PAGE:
Directory traversal

This type of attack is also known as path traversal. The main goal is to show content of a file or directory via an application. Applications read data from the file system in many cases. Paths to these files or directories are often taken from input. If a user’s input is not handled carefully, users can read data from the root directory of the server’s file system.

Example of directory traversal

Let’s inspect the following code:

Response.Write("<strong>Absolute path e:\\: </strong><br />");
string[] dirs = Directory.GetDirectories("e:\\");
foreach (string dir in dirs)
            Response.Write(dir + "<br />");

Response.Write("<br /><strong>Read e:\\StorageHelper.cs with absolute path: </strong><br />");

Response.Write(File.ReadAllText("e:\\StorageHelper.cs") + "<br />");

Response.Write("<br /><strong>Root path of C: taken by ./../../../: </strong><br />");
string[] dirs2 = Directory.GetDirectories("./../../../");
foreach (string dir in dirs2)
            Response.Write(dir + "<br />");

Response.Write("<br/><strong>Read c:\\StorageHelper.cs with ./../../../: </strong><br />");

Response.Write(File.ReadAllText("./../../../StorageHelper.cs") + "<br />");

Response.Write("<br /><strong>Directory with application: taken by ServerMapPath(\"~/../\"): </strong><br />");
string[] dirs3 = Directory.GetDirectories(Server.MapPath("~/../"));
foreach (string dir in dirs3)
            Response.Write(dir + "<br />");

//This code throws an exception - but the security is poor here
Response.Write("Directory with application: taken by /../: <br/>");
string[] dirs4 = Directory.GetDirectories(Server.MapPath("/../."));
foreach (string dir in dirs4)
               Response.Write(dir + "<br />");

Response.Write("<br /><strong>Directory with application: taken by Server.MapPath(\"/\") + \"../: </strong><br />");
string[] dirs5 = Directory.GetDirectories(Server.MapPath("/") + "../");
foreach (string dir in dirs5)
            Response.Write(dir + "<br />");

The result of this code will look like this:

Absolute path e:\:

Read e:\StorageHelper.cs with absolute path:
************ Some code 2 ************

Root path of C: taken by ./../../../:

Read c:\StorageHelper.cs with ./../../../:
*************************** Some code StorageHelper.cs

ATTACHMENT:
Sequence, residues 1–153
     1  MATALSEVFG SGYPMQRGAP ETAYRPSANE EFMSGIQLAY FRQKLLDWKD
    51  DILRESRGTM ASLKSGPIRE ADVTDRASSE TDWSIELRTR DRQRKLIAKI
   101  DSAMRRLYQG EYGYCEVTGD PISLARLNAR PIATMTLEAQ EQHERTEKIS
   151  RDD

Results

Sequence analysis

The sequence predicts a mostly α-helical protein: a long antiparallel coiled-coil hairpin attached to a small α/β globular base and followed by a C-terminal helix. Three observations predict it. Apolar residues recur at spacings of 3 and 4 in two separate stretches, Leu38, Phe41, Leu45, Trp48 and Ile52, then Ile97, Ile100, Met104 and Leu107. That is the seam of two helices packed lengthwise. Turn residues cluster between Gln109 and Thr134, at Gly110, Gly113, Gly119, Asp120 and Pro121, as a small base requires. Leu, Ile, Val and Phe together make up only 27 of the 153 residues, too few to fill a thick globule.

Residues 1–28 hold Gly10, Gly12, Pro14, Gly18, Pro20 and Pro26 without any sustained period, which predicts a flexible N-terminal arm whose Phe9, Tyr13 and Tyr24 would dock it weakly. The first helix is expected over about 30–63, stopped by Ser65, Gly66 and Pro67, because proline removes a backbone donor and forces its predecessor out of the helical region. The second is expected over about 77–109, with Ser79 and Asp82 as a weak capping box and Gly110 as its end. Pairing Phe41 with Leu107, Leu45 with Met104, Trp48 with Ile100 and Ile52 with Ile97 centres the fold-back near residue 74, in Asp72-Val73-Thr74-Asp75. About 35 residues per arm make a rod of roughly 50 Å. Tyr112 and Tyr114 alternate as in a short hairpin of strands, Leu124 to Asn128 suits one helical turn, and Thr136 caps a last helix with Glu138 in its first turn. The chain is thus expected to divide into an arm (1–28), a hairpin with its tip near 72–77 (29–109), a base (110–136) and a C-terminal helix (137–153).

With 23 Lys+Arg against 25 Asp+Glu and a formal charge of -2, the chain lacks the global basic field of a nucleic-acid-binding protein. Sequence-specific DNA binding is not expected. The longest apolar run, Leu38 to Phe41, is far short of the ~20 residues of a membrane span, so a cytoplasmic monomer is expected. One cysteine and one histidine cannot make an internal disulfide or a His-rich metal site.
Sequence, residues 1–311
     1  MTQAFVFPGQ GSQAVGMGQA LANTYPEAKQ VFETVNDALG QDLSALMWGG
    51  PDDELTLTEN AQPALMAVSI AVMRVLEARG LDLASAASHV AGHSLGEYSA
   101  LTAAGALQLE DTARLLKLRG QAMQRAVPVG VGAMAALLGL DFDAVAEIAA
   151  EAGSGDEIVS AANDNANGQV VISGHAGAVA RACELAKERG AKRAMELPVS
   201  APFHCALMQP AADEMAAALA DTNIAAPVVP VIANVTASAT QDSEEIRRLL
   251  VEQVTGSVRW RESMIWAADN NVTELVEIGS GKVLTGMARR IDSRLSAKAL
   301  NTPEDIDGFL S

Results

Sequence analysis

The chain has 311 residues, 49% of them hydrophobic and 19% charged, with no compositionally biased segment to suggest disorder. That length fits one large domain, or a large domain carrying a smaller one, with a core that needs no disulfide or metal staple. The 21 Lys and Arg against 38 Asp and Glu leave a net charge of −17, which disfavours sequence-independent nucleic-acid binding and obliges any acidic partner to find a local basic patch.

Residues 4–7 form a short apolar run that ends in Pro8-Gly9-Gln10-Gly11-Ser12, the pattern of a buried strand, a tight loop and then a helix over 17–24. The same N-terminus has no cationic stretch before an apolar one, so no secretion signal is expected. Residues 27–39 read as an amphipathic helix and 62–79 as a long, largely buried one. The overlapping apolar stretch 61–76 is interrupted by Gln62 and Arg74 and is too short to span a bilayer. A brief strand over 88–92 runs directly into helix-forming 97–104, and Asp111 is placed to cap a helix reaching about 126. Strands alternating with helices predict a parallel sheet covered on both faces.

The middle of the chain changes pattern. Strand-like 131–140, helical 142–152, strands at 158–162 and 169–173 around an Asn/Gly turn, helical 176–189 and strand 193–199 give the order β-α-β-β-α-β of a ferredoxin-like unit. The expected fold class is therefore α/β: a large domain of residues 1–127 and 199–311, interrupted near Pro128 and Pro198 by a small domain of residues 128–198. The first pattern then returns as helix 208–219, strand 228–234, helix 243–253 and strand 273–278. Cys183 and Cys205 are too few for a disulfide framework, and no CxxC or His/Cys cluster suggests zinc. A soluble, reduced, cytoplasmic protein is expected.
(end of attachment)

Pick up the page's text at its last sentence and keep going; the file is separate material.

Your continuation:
Directory with application: taken by ServerMapPath(“~/../”):

Directory with application: taken by Server.MapPath(“/”) + “../:

These are listings from one particular hard disk. The exact paths or listings aren’t important, the important thing is that you can simply read any file or list any directory. And you can either use a relative or an absolute path. In this case, it is even a more severe vulnerability called full path disclosure. This bug enables the attacker to see a full path in an error message. The attacker finds out your directory structure and can effectively exploit a directory traversal vulnerability.

What can directory traversal attacks do

The first dangerous thing is that the attacker knows your directory structure. And if there are any sensitive information in files in your application directory, the attacker can simply download these files. A worse case is when your application enables the attacker to read files. The attacker can then read your configuration files (e.g., the connection string in web.config file) or the configuration files of the whole system (if the application is used by a highly privileged user).

Finding directory traversal vulnerabilities

Search for parts of your application where the application reads files and directories. Then try to change the input parameters to get content from a place outside of the application directory. In code, you can search for these strings:

  • ServerMapPath
  • FileStream
  • StreamReader

Avoiding directory traversal

Validate user inputs, check for absolute paths for sequences of “../”, and so on. Also, if you read a file, check if the file is within the application path. The application should never read data from a random path on a hard disk.